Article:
At the US-Mexico Border
Members of the Texas Army National Guard extend razor wire to inhibit migrants from crossing, as seen from Ciudad Juárez. Reuters

TEXAS- A federal judge from Texas blocked on Thursday efforts by state authorities to prevent the Biden administration from removing razor wire fencing along its border with Mexico.

Concretely, district judge Alia Moses rejected the petition after concluding the state had not presented enough evidence to conclude that U.S. Customs and Border Protection agents cutting the wire had violated the law. State Attorney General Ken Paxton anticipated he will appeal the decision.

Moses, however, left the door open to being convinced otherwise, including in her ruling direct criticism of the Biden administration's migratory policies. "What follows here is but another chapter in this unfolding tragedy. The law may be on the side of the Defendants and compel a resolution in their favor today, but it does not excuse their culpable and duplicitous conduct," reads a paragraph of the ruling.

Texas and the Biden administration are at odds in their handling of immigration, with the former under the spotlight for setting up miles of the aforementioned barbed wire, as well as buoy barriers with blades along the Río Grande. Even though a judge initially blocked the setting of the buoys, saying they blocked navigation and ordered they be taken to the riverbank, another one granted a temporary stay after a state appeal.

Governor Greg Abbott
Texas Governor Greg Abbott VERONICA CARDENAS/Reuters

The measures are part of Texas' multi-billion dollar Operation Lone Star, which also includes the bussing of thousands of migrants arriving in the state to sanctuary cities ran by Democratic administrations. Some of these cities, especially New York and Chicago, have seen their shelter systems and budgets overwhelmed by the amount of people arriving and have taken steps to reduce the pressure.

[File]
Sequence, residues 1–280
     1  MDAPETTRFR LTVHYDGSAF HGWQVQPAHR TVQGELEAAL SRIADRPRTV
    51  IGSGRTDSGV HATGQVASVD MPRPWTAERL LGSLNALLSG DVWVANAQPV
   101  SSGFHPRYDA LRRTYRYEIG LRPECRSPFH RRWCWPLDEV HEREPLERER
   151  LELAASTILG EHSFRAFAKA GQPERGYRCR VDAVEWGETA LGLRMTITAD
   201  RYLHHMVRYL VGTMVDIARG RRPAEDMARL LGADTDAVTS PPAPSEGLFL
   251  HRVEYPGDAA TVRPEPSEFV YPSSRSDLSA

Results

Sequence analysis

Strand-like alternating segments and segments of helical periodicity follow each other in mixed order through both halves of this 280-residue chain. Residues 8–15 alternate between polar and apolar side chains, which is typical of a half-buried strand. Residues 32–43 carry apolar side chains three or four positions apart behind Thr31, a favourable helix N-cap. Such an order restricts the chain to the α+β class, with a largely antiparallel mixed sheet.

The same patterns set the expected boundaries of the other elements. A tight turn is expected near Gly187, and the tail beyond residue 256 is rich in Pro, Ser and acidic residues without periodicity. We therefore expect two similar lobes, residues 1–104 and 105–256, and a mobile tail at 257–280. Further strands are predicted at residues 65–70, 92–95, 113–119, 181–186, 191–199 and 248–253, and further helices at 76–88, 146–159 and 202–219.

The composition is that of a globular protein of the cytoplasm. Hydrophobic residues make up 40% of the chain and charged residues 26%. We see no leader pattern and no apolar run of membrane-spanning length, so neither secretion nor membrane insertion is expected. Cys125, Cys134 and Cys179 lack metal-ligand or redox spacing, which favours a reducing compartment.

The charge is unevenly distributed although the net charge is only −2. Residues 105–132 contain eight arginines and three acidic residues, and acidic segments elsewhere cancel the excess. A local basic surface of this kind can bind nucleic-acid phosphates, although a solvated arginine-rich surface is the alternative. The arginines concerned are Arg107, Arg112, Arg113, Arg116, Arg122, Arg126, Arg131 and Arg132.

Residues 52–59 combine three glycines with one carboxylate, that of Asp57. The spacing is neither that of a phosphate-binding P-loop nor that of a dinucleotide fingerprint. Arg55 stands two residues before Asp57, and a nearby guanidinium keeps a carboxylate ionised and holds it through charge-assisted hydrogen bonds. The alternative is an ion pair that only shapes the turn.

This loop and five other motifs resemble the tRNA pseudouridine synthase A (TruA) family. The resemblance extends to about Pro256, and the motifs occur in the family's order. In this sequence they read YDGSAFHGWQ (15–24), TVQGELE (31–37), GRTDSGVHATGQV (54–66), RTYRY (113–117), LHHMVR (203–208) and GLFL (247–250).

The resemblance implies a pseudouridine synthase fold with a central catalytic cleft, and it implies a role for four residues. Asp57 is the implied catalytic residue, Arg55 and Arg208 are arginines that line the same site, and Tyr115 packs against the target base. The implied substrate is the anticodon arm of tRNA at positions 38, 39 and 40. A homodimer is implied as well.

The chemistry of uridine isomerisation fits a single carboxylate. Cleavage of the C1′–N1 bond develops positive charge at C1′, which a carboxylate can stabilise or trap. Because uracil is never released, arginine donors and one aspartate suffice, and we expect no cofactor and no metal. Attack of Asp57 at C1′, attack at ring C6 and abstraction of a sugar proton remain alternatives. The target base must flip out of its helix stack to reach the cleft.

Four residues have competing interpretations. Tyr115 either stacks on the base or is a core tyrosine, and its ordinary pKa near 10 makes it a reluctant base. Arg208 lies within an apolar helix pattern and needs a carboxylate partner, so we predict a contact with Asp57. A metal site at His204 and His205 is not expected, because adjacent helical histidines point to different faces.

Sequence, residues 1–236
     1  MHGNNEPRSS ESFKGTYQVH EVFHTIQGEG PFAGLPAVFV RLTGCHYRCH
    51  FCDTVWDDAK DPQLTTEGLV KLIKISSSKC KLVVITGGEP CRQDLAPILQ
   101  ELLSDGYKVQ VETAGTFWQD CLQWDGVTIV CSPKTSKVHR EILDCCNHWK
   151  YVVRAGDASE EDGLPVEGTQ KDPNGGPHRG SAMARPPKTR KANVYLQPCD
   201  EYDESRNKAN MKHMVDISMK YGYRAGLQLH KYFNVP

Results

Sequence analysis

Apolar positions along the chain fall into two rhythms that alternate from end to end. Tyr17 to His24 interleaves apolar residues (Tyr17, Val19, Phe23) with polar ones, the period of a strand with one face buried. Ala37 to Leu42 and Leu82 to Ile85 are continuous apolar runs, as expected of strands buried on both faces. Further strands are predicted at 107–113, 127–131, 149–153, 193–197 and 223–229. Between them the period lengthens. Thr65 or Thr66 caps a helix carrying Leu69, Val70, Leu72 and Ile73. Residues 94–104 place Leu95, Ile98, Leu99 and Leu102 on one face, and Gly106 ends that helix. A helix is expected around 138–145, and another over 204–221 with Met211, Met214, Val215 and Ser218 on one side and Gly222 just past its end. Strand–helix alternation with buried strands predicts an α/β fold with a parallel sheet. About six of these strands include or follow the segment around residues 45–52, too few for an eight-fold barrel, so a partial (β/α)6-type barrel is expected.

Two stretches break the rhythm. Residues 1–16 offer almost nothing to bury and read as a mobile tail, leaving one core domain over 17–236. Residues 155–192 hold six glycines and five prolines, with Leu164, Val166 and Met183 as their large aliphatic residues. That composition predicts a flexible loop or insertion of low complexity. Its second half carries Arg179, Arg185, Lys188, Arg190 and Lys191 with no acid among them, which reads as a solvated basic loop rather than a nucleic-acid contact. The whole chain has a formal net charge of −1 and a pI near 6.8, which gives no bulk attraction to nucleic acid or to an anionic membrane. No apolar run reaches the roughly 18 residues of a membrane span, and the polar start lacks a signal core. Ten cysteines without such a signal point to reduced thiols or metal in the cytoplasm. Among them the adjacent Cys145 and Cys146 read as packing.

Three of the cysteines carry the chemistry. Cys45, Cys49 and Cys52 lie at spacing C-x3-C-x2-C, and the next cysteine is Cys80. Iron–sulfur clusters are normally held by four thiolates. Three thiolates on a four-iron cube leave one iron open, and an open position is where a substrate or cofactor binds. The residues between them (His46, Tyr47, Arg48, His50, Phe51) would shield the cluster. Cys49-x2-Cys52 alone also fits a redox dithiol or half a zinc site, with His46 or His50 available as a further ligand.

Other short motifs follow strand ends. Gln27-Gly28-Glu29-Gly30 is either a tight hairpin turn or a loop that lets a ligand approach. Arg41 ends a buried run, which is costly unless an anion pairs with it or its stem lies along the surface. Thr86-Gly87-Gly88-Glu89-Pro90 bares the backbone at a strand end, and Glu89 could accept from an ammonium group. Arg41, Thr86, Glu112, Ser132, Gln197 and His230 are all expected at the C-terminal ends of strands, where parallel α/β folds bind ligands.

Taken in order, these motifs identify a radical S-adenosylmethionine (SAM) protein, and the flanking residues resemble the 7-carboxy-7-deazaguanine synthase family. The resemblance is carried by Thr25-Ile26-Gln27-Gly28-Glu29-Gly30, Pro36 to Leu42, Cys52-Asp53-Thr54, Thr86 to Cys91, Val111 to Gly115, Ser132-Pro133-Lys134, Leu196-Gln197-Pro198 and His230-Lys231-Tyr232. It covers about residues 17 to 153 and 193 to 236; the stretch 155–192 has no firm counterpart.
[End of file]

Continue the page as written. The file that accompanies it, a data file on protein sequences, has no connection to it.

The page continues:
The state also passed a bill in mid November empowering its authorities to arrest or deport migrants who are suspected of entering or re-entering the state illegally. It also allows judges to order migrants to return the country they illegally crossed from rather than seeking prosecution.

Moreover, the bill allows state agencies to transport the migrants to ports of entry to ensure the measure is effective.

Under SB4, a first-time offender could be convicted of a misdemeanor and be punished by up to 180 days behind bars. The penalty would jump to a felony punishable by up to two years in prison if the person has repeatedly entered the country illegally, according to the bill.

According to ABC News, the bill sparked fears among immigrant rights advocates about the possibility it will lead to widespread racial profiling and circumvention of protections asylum seekers have under constitutional law. The bill doesn't provide funding or requirement to train officers to enforce these new laws.

The bill is another attempt by lawmakers to empower Texas law enforcement officers to enforce immigration laws, despite rulings by federal courts that the federal government has sole jurisdiction over immigration matters.

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